Ciscoe Morris from Gardening with Ciscoe offers suggestions for safe gardening with dogs, and introduces us to his new puppy Izzy.
I love gardening and I love dogs. You can have a beautiful garden and healthy pups, but there are some things you should do before you bring your new family member home.
1. Before you bring a puppy home, determine where little Fido will be allowed to romp and play, and which areas are off limits.
I made the mistake of bringing my previous two puppies, Fred and Ruby home before I figured out how to keep them out of my key gardens filled with rare and pricey plants. As an emergency measure I put up a temporary plastic fence. Fred was a good boy and respected the fence, but Ruby saw it as a challenge. She liked to run through it at full speed, leaving the perfect silhouette of a puppy, including the shape of her Ross Perot like ears. I must complement her on her good taste, however. She always found the rarest and most expensive plants to rip out and toss gleefully into the air. We opted to construct a cedar fence to keep Fred and Ruby out of the vegetable patch and my collector’s garden. The fence we designed is constructed of only horizontal rails. It allows for an unimpeded view of the plants, while adding an elegant touch to the garden. Although the fence is only 3 feet tall, it was easy to train the dogs not to jump it.
2. Give your pups some gardens they can play in.
Don’t fence your dogs out of every garden area. Give them a few planted areas where they can play hide and seek. Plants such as hardy fuchsia, red twig dogwood, dwarf conifers, ornamental grasses and pretty much any herb such as salvia, rosemary and lavender are ideal for pet-friendly plantings because they are non toxic, flexible, and strong enough to bounce back after being trampled by doggy paws. Besides a place to play, dogs need ‘rump spots’ – a place in the shade where they can dig a cubbyhole for an afternoon siesta. The problem is that some dogs siesta in a new spot every day. To deter this, place attractive, sizable stones among the off-limits plants to make it an uncomfortable place to lie down.
3. Remove potentially toxic plants.
Much as we want to have a beautiful garden, the most important concern is to make sure our gardens are safe for your pups. A good many plants are poisonous, especially to puppies who tend to chew everything in their path. Ask your vet for a list of toxic plants and remove them from pet areas before you bring your puppy home. Ask for a list of toxic houseplants while you are at it. A good number of them are harmful to dogs if they chew them. Mushrooms can be a problem as well. There’s no product that kills mushrooms, so during mushroom season in spring and fall, go out and pull them to remove them from any areas where pooches have access.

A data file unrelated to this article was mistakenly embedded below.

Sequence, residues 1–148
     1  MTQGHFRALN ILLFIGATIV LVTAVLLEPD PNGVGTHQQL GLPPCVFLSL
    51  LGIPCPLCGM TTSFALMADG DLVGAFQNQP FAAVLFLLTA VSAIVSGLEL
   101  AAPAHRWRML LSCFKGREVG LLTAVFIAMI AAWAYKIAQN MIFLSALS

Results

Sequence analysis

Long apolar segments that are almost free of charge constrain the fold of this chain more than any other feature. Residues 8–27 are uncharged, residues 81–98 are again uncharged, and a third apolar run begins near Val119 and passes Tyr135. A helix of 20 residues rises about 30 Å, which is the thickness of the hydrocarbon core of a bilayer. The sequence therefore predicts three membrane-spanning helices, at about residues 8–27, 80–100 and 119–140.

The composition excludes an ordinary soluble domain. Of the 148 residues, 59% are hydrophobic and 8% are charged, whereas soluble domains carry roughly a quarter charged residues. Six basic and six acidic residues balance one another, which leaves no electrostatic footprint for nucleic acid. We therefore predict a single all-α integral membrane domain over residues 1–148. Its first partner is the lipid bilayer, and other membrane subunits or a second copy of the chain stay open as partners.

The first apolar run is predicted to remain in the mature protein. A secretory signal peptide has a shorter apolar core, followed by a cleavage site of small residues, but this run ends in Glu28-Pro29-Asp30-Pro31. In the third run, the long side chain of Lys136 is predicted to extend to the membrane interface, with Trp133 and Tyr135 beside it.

4. Remove plants that could harm eyes.
Remove any plants with prickers, such as rose, barberry and Pyracantha, or sharply pointed plants such as yucca that could cause serious eye injury.
5. Don't use toxic pesticides where pups hang out.
Don’t use toxic pesticides where pups hang out. It doesn’t mean you have to allow pests to decimate your garden. Use pesticides if you need to, but choose ones that are the safest for your pets. The newer iron-phosphate based slug baits such as ‘Sluggo’ ‘Worry Free’ and ‘Escargot’ have become popular because they are significantly safer to use around pets than are the ones that contain Metalehyde, but even these products can be harmful to dogs, especially if they eat a fair amount of it. Read and follow the directions on the label, especially regarding the amount to apply, and never create piles of it. Slug bait can be applied under cover of a stepping stone held up by smaller stones. Use extra caution regarding where you store the bait. There are reports of pets opening cabinets, knocking packets off high shelves, even digging up piles of pellets that were evidently buried in an effort to get rid of them. If you can’t keep the pooches out of an area where slug and snail controls are needed, maybe it’s better to go back to using beer or some of the traditional pest control methods everyone used before slug baits were available. Just remember to shout ‘el kabotski’ as you stomp. Never apply weed and feed to control weeds on your lawn. Research undertaken by the National Institute of Cancer found potential health problems in dogs, where these products are used. Pull lawn weeds or apply vinegar on a hot sunny day rather than using chemical weed control products. A good way to remove dandelions is to blast them with vinegar on a hot sunny day.
6. Let the pups have the lawn.
Don’t expect to have a perfect lawn if you have pups. It’s a waste of time to repair trails where the dogs constantly walk back and forth, and it’s equally futile to repair damage caused by play on wet or shady areas. Dead pee spots are going to happen, especially if you have a female dog. If you have a male, try planting a sacrificial juniper next to the lawn.
7. Give your pup the attention it needs.
It’s a big mistake to make dogs live outside or to lock them outside for long periods. Provide a doggy door so they can go in and out as they please. Even with a doggy door if you must leave the dog home along for long periods you’re asking for trouble. A pup that is alone all day long will figure out ways to entertain itself. Your garden, and quite possibly your furniture, could pay the price. Consider taking Fido to doggie day care or hire a dog walker to visit once a day to give the pooch some exercise and attention.
8. Love the living tweetle out of your pup.
If you love your pup, half as much as I love little Izzy, you won't care if she does a bit of damage in the garden. No matter how well you plan, pups will get into mischief. When that happens, just look into those loving brown eyes and you’ll forget all about that $500 irreplaceable Wollemi pine they just trashed. Hey, it’s only a plant!